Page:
Creating content for search engines means: put in all relevant keywords for your specialization. Of course, readability for the actual “human” reader should take prevalence.

Okay, suppose you’ve done an excellent job on SEO (search engine optimization) and your audience highly values your posts. Now you’ve got to ask them, in each post, to take some action, like signing up for your mailing list (email news letter).

You can also directly ask them to sign up for that security training, but that’s less likely to work. Your “brand” usually takes to time settle in for each particular site visitor.

When you’re starting a new round of training session, or you’ve designed a new training, tell people about it through your mailing list.

To summarize: blogging is for generating leads who you subsequently reach through email.

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Pros and Cons of Online Training

December 10, 2012 12:14 by

Some time ago, there was an interesting discussion among the members on a Linkedin group called Learning, Education and Training Professionals Group. The topic was: “Do you prefer traditional classroom training or Elearning – Virtual Classrooms?”


A not so virtual classroom

Now, I know that most trainers and coaches have a problem with the terms learning and classroom (as in: “those words do not pertain to my job”), but I still think you’ll find the discussion interesting. Many training companies already use e-learning and virtual classrooms, they just call them differently.

And to put you completely at ease, I’ll rephrase the question.

Do you prefer traditional face-to-face training sessions or online training?

Sandra lists a number of reasons to use online training.

Although the classes I teach at the university are all face-to-face, most of the learning I deliver via my business is online. I do, of course provide face-to-face training if requested by my client.

The reason I decided to offer online learning for business and government clients are as follows:

  1. Flexibility- Participants can go online any time, any where.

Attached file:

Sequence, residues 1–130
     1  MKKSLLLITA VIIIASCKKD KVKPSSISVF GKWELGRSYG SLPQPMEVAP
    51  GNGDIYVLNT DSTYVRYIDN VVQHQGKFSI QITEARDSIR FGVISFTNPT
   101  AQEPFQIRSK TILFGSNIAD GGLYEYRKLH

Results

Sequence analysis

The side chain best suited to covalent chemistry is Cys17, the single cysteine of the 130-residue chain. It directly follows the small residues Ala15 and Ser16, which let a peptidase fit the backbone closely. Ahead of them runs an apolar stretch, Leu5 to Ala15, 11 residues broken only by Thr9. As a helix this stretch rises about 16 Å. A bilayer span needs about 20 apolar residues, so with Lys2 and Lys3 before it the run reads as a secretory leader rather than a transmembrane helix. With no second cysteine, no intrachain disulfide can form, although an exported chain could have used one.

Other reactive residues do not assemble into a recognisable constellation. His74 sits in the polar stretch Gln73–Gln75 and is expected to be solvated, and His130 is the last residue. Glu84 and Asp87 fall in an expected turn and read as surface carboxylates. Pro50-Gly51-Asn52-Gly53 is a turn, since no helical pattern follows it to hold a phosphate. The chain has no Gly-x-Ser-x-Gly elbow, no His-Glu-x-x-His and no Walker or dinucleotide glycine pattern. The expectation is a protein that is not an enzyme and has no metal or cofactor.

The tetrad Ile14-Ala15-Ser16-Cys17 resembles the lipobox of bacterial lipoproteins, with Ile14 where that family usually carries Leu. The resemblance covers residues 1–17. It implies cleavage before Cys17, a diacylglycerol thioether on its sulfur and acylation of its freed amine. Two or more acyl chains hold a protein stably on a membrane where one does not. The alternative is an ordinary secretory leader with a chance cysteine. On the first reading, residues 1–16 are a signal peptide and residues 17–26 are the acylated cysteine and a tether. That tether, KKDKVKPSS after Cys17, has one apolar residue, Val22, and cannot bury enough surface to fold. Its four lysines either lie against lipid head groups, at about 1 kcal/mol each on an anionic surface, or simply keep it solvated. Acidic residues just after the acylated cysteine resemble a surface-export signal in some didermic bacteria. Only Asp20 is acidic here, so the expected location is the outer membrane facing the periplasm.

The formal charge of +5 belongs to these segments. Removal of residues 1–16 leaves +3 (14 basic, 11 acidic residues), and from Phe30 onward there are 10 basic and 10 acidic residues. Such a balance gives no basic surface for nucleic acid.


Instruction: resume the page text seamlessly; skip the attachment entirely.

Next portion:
2. Practice Over Time- A program lasts 2.5 months reinforcing learning and new concepts.
  3. Saves time and money-Participants don’t have to rush to get work done before and after a seminar or workshop. As well, they don’t have to spend travel time.
  4. Personalized approach to learning- It can accommodate one-to-one feedback.

These are just some of the reasons why I chose to offer online learning in my business. As well, we have had a 95% completion rate of assignments.

Darren talks about where control over the process should reside.

Having done some practical research into helping teachers transfer their skills from physical to virtual classrooms I’ve found that teachers will initially be uncomfortable with the loss of control they perceive in virtual classrooms, e.g. “I can’t see the students – how do I know they are paying attention?” “how can I cope with people talking and texting at the same time?”. Hence they will prefer the comfort zone of the physical space they are used to. With time and practice however these problems can be overcome, and the tools built into virtual classrooms such as interactive whiteboards and student response systems can be very effective in engaging students and generating the feedback required to monitor progress regardless of the lack of eye contact.

On the subject of student engagement, perhaps the question of preference needs to be put to the students instead? For example, students who are less outspoken or confident about expressing their views may be intimidated in a traditional classroom setting but become more engaged through the text/chat facility offered in virtual classrooms.